This dilemma is often real life for food allergy parents. Why does every single holiday event center around food? Even events held in traditionally food-free, safe spaces for individuals with food allergies become dangerous during the holidays. Here are a few examples:

The science museum hosted a Costume Parade for Halloween, but there was candy being handed out and eaten in a hands-on space.

The city does a sleigh ride to see Christmas lights and sing carols, but they will be handing out hot cocoa and cookies. 

The museum is hosting a Santa and Mrs. Claus meet and greet, but there will be milk and cookies. 

There is a Christmas train through miles of lights, but again, there is cocoa, candy, and pizza. 

The Polar Express train, of course, serves goodies and cocoa.

I could go on and on. I get it. People love food! I love food! But it would be so nice if I wasn’t constantly having to choose between fun holiday memories and my child’s safety. For many of these, the food treats are unnecessary. In an environment like the museum, which is typically food-free, they could easily hand out stickers or inexpensive toys instead of candy. Trains and sleigh rides could have a food-free night or time slot so the 1 in 13 kids with food allergies could safely enjoy the activities too. It is possible to make a little room for these kids without ruining anything for anyone else.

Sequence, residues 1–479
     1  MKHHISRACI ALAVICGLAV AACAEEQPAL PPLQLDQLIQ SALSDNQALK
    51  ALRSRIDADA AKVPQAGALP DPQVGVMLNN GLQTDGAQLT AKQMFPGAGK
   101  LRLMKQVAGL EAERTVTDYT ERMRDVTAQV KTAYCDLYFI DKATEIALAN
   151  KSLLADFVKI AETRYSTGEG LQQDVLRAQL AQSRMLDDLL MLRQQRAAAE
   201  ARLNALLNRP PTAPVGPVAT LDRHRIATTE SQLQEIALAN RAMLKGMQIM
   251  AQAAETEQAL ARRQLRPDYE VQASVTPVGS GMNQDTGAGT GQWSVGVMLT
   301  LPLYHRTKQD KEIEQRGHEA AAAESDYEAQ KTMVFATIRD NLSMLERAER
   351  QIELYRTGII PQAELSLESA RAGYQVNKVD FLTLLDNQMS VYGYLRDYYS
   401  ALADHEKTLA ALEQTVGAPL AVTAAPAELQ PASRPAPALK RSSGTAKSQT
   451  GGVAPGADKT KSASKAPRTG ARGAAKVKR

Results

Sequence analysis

Josie had an allergic reaction in Goodwill the other day. She hadn’t eaten anything unsafe, but she came into contact with something likely had food protein residue on it and broke out in hives all around her mouth. I panicked. It stops your heart every time. Am I going to have to do epi? How do I know her internal symptoms when she is only 2 and can’t self-report well? Is this going to progress to an emergency or resolve? Are we going to spend Halloween in the ER? The perimeter we keep around her is not overprotective, it is what we have to do to maintain her safety. We went to Zoo Boo with friends and it was fun, but man did I have to be HYPER vigilant. I figured that the spaces were wide and open enough that we could keep our distance and for the most part that worked, but then a kid who was eating goldfish reached out and grabbed Jo’s wrist and I had to grab her and wipe her down immediately. We went to the park the other day and there was a kid wandering around with a dripping ice cream treat. I had to keep myself physically between her and Jo, and I feel very proud of myself for not tackling the kid (only partly joking, ha!). Food allergy parents seem crazy from the outside, but it is so incredibly easy for something tragic to happen…and those tragedies happens all the time in our community.

If you are reading this and you are a holiday event planner or know one, please think about kids with food allergies when you plan. I don’t want events to be less fun for people who don’t have food allergies, I just want a few safe options for our family to participate in, too. We do work hard to create our own traditions and safe gatherings, but sometimes it is nice to venture into the world, too. I know our family is not the only one who struggles with these things. Change doesn’t happen overnight, but it starts with awareness and thinking about others.  Please, think about us. ♥